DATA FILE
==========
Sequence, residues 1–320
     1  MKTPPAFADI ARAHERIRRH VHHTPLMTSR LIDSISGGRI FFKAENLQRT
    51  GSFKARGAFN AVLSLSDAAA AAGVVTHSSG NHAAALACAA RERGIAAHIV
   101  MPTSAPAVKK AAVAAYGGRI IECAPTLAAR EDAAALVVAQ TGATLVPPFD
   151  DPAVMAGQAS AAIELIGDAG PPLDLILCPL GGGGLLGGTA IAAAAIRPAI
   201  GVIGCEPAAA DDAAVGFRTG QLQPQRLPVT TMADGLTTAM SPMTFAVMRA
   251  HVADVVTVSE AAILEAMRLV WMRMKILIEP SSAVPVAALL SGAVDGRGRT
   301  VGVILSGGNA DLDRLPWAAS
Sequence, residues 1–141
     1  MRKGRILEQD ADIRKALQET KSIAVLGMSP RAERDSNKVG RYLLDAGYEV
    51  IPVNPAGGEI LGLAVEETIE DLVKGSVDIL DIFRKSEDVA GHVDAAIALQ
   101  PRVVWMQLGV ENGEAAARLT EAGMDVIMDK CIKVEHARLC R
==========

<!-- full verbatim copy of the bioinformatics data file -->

Sequence, residues 1–320
     1  MKTPPAFADI ARAHERIRRH VHHTPLMTSR LIDSISGGRI FFKAENLQRT
    51  GSFKARGAFN AVLSLSDAAA AAGVVTHSSG NHAAALACAA RERGIAAHIV
   101  MPTSAPAVKK AAVAAYGGRI IECAPTLAAR EDAAALVVAQ TGATLVPPFD
   151  DPAVMAGQAS AAIELIGDAG PPLDLILCPL GGGGLLGGTA IAAAAIRPAI
   201  GVIGCEPAAA DDAAVGFRTG QLQPQRLPVT TMADGLTTAM SPMTFAVMRA
   251  HVADVVTVSE AAILEAMRLV WMRMKILIEP SSAVPVAALL SGAVDGRGRT
   301  VGVILSGGNA DLDRLPWAAS
Sequence, residues 1–141
     1  MRKGRILEQD ADIRKALQET KSIAVLGMSP RAERDSNKVG RYLLDAGYEV
    51  IPVNPAGGEI LGLAVEETIE DLVKGSVDIL DIFRKSEDVA GHVDAAIALQ
   101  PRVVWMQLGV ENGEAAARLT EAGMDVIMDK CIKVEHARLC R